“The citizenry is also likely to hold its government accountable for the use of the taxes paid in providing the necessary services for the country,” she noted.
Afadzinu emphasised that governments that rely heavily on foreign aid are less inclined to raise local taxes and therefore pay less attention to the demands of their citizens.
The Executive Director noted that in this regard there was more to be said for promoting domestic resource mobilisation as against sourcing funds from external donors.
On his part, the Deputy Director, McArthur Foundation, Mr. Oladayo Olaide said government spending would be the most important source of domestic resource for the SDGs in many parts of West Africa, adding that from the MDGs experience, government spending was more reliable than aid.
He explained that in order to mobilise resources locally, West African countries must block leakages in government revenues through system strengthening and automation of revenue collection system, tax reform to improve computation and collection and review and reform of tax exemptions and concessions.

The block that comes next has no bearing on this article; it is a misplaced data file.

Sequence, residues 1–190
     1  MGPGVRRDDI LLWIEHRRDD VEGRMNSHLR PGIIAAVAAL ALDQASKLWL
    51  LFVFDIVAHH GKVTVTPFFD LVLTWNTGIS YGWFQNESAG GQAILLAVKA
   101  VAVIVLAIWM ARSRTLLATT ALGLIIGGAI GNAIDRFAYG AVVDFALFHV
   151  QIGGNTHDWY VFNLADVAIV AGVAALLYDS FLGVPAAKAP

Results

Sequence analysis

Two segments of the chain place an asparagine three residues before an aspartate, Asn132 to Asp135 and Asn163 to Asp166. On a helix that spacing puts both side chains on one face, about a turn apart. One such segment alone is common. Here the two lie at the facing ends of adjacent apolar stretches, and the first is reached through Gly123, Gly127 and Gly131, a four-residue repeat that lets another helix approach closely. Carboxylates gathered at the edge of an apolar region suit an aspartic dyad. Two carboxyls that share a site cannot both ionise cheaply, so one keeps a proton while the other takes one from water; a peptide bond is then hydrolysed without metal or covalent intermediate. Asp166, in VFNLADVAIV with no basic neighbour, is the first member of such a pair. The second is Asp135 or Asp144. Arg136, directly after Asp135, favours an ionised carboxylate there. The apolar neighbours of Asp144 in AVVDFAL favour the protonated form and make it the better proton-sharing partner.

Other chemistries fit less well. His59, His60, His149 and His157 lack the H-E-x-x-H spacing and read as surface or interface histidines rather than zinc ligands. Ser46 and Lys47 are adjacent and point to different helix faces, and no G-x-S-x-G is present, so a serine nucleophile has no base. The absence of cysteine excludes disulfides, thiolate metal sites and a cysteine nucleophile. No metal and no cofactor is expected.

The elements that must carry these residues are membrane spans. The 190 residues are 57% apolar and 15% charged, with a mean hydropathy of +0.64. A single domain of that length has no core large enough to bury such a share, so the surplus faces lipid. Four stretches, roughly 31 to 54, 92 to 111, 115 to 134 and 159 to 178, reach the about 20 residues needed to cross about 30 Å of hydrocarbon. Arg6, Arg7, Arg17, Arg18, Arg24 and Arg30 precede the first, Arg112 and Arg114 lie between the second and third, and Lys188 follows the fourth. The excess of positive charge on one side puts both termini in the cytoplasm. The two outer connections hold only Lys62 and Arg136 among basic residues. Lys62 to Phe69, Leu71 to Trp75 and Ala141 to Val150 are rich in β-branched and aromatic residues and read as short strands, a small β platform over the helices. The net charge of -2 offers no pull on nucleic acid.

To help realise the new 17 SDGs on or before the deadline year of 2030, the private sector has been tipped as a major stakeholder in the process, with its huge funds and efficiency identified as vital ingredients for development across the globe.
China and EU Seek Partnership: Xi Jinping Proposes Key Trade Alliance
Chinese President Xi Jinping expressed his desire for China and the European Union (EU) to become key trade partners and foster trust in supply chains, during a meeting with EU leaders in Beijing.
The talks marked the first in-person summit between the two sides in four years and addressed a range of economic concerns, including data flows and market access.
Xi emphasized China’s commitment to high-quality development and opening up, positioning the EU as a crucial partner in economic and trade cooperation.